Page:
Paso County District Court No. 15CR1103. Honorable Thomas K.
Cynthia H. Coffman, Attorney General, William G. Kozeliski,
Assistant Attorney General, Denver, Colorado, for
McKinley Law Group, Ian C. McKinley, Longmont, Colorado, for
Judges: Opinion by JUDGE TOW. Hawthorne and
Bernard, JJ., concur.
[¶ 1] Maksim V. Timoshchuk appeals the district
court's order summarily denying his Crim. P. 35(c) motion
for postconviction relief based on a claim of ineffective
assistance of counsel. We hold apparently for the first time,
that a probationer facing revocation proceedings has a
statutory right to counsel, and thus a right to effective
assistance of counsel as measured by the Strickland
test. Because Timoshchuk asserted sufficient facts to warrant
a hearing on his claim, we reverse and remand for further
[¶ 2] Timoshchuk was born in Ukraine and
admitted to the United States as a refugee on July 16, 2002.
The federal immigration authorities adjusted his status to
that of a lawful permanent resident on November 17, 2005.
[¶ 3] In March 2015, Timoshchuk was charged
with forgery. As part of a plea agreement, on April 21, 2015,
Timoshchuk pleaded guilty to forgery, pleaded guilty to DUI
in a separate case, and admitted violating his probation in a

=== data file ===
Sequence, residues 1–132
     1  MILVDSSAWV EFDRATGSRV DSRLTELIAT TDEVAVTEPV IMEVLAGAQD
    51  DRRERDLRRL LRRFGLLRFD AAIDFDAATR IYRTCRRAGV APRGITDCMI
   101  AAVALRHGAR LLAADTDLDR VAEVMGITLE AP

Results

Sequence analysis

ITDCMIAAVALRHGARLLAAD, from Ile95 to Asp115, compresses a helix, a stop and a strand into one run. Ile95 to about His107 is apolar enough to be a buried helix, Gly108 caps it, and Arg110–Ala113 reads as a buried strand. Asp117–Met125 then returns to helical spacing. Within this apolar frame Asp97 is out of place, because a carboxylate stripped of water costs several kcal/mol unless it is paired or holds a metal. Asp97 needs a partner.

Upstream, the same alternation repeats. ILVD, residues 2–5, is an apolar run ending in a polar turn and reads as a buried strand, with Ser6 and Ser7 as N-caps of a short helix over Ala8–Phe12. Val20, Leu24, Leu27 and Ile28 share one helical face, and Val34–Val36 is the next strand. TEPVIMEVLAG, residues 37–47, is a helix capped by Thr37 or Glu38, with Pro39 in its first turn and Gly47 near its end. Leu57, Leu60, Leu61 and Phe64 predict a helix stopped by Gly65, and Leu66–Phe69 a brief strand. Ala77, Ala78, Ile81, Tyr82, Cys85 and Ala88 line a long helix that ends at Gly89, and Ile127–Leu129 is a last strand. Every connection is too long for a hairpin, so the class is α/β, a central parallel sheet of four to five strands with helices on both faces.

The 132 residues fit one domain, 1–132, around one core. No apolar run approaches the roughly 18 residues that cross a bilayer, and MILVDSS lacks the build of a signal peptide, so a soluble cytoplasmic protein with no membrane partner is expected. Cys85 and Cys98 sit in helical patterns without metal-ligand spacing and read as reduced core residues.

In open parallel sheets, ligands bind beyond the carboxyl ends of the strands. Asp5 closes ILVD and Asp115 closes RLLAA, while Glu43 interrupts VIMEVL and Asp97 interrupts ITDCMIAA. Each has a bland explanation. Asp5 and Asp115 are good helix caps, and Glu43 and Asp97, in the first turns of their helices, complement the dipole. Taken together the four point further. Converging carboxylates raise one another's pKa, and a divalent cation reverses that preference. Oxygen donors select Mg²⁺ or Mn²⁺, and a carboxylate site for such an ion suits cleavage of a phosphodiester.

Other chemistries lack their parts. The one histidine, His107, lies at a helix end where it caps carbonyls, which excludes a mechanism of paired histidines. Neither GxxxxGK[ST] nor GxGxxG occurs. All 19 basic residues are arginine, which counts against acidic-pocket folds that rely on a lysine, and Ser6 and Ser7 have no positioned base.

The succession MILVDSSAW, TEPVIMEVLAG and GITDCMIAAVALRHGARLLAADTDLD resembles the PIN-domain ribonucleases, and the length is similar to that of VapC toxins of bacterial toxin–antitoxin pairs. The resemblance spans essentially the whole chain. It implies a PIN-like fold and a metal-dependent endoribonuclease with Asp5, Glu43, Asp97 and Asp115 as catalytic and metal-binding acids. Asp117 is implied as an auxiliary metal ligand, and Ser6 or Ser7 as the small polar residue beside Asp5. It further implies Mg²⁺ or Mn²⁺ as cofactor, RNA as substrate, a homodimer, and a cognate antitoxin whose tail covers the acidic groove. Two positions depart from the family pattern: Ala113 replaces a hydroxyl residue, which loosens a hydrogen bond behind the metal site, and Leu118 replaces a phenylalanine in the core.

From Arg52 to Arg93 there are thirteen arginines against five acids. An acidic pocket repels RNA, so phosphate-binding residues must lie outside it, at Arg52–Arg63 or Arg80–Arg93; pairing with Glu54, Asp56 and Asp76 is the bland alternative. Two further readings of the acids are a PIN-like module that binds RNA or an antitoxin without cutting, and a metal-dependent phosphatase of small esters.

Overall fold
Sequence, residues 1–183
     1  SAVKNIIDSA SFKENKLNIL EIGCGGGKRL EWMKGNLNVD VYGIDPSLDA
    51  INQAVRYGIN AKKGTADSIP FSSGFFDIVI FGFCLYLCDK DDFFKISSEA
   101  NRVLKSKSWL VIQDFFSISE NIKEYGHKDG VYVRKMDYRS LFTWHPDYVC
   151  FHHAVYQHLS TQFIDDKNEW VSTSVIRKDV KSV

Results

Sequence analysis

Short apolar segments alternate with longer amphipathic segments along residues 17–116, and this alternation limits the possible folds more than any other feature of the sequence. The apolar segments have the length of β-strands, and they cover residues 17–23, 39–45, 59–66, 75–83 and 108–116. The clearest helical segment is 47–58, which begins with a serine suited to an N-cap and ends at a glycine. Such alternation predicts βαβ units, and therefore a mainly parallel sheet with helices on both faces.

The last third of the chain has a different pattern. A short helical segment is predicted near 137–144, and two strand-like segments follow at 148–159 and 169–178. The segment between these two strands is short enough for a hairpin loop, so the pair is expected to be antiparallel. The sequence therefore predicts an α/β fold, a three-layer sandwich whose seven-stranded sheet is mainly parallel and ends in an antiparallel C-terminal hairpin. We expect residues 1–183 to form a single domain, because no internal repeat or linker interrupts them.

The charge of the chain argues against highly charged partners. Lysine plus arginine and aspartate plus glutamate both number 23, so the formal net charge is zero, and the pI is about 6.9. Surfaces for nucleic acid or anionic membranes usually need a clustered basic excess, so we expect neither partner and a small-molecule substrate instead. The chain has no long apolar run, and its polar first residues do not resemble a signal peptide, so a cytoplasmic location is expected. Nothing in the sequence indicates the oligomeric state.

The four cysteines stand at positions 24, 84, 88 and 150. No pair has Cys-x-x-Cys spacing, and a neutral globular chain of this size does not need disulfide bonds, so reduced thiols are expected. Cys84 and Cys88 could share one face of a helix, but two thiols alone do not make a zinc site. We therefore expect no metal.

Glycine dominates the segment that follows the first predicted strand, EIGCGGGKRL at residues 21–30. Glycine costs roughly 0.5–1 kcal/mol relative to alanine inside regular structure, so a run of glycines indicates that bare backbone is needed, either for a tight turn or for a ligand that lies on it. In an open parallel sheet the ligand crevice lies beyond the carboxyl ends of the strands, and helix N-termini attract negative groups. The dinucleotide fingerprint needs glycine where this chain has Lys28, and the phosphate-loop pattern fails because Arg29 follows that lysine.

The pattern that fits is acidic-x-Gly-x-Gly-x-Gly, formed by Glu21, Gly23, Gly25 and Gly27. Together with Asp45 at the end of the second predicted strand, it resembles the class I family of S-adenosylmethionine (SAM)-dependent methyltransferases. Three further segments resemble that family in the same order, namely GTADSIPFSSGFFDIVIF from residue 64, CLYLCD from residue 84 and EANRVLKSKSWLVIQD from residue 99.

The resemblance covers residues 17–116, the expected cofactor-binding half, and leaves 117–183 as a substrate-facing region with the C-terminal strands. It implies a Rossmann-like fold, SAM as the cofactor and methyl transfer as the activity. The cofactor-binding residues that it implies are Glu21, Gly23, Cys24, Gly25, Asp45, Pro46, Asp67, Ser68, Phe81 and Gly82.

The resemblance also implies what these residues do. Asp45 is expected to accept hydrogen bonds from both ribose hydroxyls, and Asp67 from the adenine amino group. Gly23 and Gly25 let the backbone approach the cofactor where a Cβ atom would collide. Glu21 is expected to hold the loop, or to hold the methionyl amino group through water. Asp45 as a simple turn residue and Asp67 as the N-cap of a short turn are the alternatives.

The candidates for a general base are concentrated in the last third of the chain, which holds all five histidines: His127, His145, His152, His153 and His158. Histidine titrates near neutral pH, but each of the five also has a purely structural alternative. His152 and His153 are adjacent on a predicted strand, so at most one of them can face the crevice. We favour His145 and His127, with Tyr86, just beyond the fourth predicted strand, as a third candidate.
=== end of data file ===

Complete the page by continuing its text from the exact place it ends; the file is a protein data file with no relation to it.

prior case. Timoshchuk was sentenced to probation in all
[¶ 4] In July 2015, Timoshchuk's
probation officer filed a complaint in district court,
alleging that Timoshchuk had violated the conditions of his
probation in part by being arrested and charged with new
offenses. On August 24, 2015, Timoshchuk entered into an
agreement resolving all four cases; specifically, he admitted
to violating probation in his prior cases and pleaded guilty
to possession of a controlled substance in his newest case.
The district court revoked Timoshchuk's probation and
resentenced him on the forgery charge to three years in the
custody of the Department of Corrections concurrent with his
[¶ 5] On July 27, 2016, the Department of
Homeland Security initiated removal proceedings against
Timoshchuk due to his convictions involving a controlled
substance and an aggravated felony as defined in 8 U.S.C. §
1101(a)(43)(R) (2018). Because Timoshchuk
conceded the charges against him, the immigration court found
Timoshchuk removable as charged.
[¶ 6] In September 2016, Timoshchuk filed a
Form I-589 Application for Asylum and for Withholding of
Removal. The court ultimately denied his application. The
immigration judge ruled that Timoshchuk was not eligible for
asylum due to his aggravated felony conviction.
[¶ 7] Timoshchuk then filed a postconviction
motion under Crim. P. 35(c), alleging that he was denied
effective assistance of counsel because his probation
revocation counsel failed to adequately investigate and
correctly advise him of the ...